Category Archives: Election 2017

Post-Election Article: The Conservative Party of Business?

If the Conservatives are anything, we are the Party of Business. We understand how to grow an economy through incentivising investment, encouraging business to provide jobs and opportunities: the sky’s the limit. We work with both academic and vocational providers of skills and business to make sure that Britain has the right skills to stimulate innovation.

But that does not make us the party of rampant capitalism, trampling over human rights – ours is the party of Wilberforce and Shaftesbury, and it’s our Prime Minister who led on legislation against Modern Slavery and female genital mutilation. Where we differ from other parties is getting the balance right – encouraging people to come off benefits rather than making a life on benefits more attractive financially and less hassle. Every Labour government has ended in the equivalent of Liam Byrne’s note (“I’m afraid there is no money left”) , and the country then turns to us to sort out the mess.

Since 2010, the Conservatives have done it again. We’ve hugely reduced an enormous deficit – at the same time as Scotland has increased theirs sharply – and created over three million new jobs, more than all the other nations of the EU put together. And last month, we generated a surplus that caught economists by surprise, as has the robustness of the UK economy in general over the last seven years, particularly since Brexit.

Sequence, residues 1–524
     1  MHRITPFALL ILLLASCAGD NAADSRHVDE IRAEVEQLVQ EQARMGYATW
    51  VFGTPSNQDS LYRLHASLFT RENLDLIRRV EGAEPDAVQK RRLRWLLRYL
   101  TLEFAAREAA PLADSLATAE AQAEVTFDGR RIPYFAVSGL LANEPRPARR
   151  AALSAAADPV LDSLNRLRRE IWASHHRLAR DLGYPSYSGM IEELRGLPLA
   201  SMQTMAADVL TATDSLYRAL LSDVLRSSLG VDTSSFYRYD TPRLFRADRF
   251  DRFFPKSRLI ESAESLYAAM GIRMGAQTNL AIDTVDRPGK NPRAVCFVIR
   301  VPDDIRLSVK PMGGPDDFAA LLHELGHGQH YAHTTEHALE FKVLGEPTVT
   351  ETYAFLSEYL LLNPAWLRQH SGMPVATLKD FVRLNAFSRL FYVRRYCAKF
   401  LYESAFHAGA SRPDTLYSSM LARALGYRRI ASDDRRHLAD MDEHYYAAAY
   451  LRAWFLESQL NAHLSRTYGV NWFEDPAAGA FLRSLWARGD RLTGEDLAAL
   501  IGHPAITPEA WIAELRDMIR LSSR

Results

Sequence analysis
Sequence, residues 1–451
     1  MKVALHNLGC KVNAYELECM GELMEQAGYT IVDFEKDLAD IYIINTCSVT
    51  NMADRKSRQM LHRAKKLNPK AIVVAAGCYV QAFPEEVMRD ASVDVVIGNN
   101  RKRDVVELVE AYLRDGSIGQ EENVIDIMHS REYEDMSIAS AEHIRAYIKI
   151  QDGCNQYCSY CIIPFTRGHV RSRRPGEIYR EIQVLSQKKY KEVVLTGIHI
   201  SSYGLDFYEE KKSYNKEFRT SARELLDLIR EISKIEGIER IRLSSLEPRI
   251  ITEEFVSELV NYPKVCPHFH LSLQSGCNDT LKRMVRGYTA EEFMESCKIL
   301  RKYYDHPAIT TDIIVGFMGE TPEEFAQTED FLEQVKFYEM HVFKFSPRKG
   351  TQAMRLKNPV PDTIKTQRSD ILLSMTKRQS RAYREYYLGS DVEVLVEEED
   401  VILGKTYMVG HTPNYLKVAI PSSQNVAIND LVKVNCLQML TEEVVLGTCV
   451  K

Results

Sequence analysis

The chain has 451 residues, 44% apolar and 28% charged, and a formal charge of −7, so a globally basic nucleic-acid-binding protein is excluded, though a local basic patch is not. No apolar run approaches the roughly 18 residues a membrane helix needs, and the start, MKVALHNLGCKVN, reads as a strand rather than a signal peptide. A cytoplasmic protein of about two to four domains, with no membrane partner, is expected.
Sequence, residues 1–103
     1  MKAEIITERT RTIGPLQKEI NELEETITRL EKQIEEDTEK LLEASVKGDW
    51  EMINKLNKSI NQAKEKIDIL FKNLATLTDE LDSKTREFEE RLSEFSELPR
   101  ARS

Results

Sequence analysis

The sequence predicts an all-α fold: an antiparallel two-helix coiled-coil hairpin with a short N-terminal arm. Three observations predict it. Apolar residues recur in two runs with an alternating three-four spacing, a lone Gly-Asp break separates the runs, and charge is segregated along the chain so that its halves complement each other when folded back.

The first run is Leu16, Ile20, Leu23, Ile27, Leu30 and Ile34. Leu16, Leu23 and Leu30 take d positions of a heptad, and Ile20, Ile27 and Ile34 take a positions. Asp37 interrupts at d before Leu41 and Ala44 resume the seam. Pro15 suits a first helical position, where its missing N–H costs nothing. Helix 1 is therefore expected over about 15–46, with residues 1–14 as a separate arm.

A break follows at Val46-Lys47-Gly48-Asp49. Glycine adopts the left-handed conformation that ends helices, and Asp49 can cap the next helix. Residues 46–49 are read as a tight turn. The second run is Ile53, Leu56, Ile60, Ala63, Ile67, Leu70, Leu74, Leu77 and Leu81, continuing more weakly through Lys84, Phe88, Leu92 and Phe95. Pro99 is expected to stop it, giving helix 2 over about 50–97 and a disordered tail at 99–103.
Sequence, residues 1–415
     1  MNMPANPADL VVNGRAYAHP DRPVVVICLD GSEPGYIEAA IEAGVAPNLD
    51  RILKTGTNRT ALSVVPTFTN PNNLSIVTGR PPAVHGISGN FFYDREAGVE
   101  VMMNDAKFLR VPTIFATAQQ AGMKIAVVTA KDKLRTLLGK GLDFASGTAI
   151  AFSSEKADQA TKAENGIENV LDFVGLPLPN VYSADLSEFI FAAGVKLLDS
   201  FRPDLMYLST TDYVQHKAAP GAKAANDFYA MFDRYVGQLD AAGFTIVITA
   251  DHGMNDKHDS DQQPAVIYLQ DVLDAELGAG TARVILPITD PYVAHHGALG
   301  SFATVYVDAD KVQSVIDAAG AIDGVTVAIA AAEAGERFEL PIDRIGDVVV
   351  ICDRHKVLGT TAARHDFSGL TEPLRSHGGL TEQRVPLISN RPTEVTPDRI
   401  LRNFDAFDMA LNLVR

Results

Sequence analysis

It’s easy to forget this was not what the socialists predicted. David Blanchflower, Ed Balls, the Guardian, the New Statesman and all the other usual suspects spent the years 2010-2012 telling the nation Conservative policies would result in millions more unemployed. Now their narrative is that all of the new jobs are cheap zero hours exploitation – a lie easily put to bed by figures showing that three quarters of the new jobs are full time. And perhaps by illustrating the number of Labour-run councils (not to mention Labour MPs) who employ zero hour workers.

Labour hypocrisy needs to be exposed. There was a good moment during the last Parliament when the Labour front bench were railing against Conservatives for enabling pension funds to use CPI instead of RPI as the inflation rate for pension increases. It was unfortunate that Labour’s own pension fund for party agents had already made exactly that switch.